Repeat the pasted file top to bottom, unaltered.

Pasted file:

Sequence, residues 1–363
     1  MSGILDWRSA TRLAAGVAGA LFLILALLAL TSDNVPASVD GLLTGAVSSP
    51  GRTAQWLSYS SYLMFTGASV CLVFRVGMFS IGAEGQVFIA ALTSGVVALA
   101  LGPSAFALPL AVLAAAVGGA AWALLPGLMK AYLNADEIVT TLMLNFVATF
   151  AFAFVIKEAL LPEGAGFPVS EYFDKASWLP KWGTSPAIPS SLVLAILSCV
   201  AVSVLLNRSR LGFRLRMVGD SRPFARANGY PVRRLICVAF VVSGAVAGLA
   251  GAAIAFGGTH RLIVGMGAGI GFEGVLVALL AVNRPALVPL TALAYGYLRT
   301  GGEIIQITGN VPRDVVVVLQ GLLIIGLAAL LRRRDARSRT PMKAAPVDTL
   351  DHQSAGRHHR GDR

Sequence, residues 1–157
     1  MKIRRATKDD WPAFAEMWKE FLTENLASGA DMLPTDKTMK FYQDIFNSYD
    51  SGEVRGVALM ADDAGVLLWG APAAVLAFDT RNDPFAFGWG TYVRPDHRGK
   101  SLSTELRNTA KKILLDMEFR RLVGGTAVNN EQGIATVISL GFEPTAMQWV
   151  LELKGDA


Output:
Sequence, residues 1–363
     1  MSGILDWRSA TRLAAGVAGA LFLILALLAL TSDNVPASVD GLLTGAVSSP
    51  GRTAQWLSYS SYLMFTGASV CLVFRVGMFS IGAEGQVFIA ALTSGVVALA
   101  LGPSAFALPL AVLAAAVGGA AWALLPGLMK AYLNADEIVT TLMLNFVATF
   151  AFAFVIKEAL LPEGAGFPVS EYFDKASWLP KWGTSPAIPS SLVLAILSCV
   201  AVSVLLNRSR LGFRLRMVGD SRPFARANGY PVRRLICVAF VVSGAVAGLA
   251  GAAIAFGGTH RLIVGMGAGI GFEGVLVALL AVNRPALVPL TALAYGYLRT
   301  GGEIIQITGN VPRDVVVVLQ GLLIIGLAAL LRRRDARSRT PMKAAPVDTL
   351  DHQSAGRHHR GDR

Sequence, residues 1–157
     1  MKIRRATKDD WPAFAEMWKE FLTENLASGA DMLPTDKTMK FYQDIFNSYD
    51  SGEVRGVALM ADDAGVLLWG APAAVLAFDT RNDPFAFGWG TYVRPDHRGK
   101  SLSTELRNTA KKILLDMEFR RLVGGTAVNN EQGIATVISL GFEPTAMQWV
   151  LELKGDA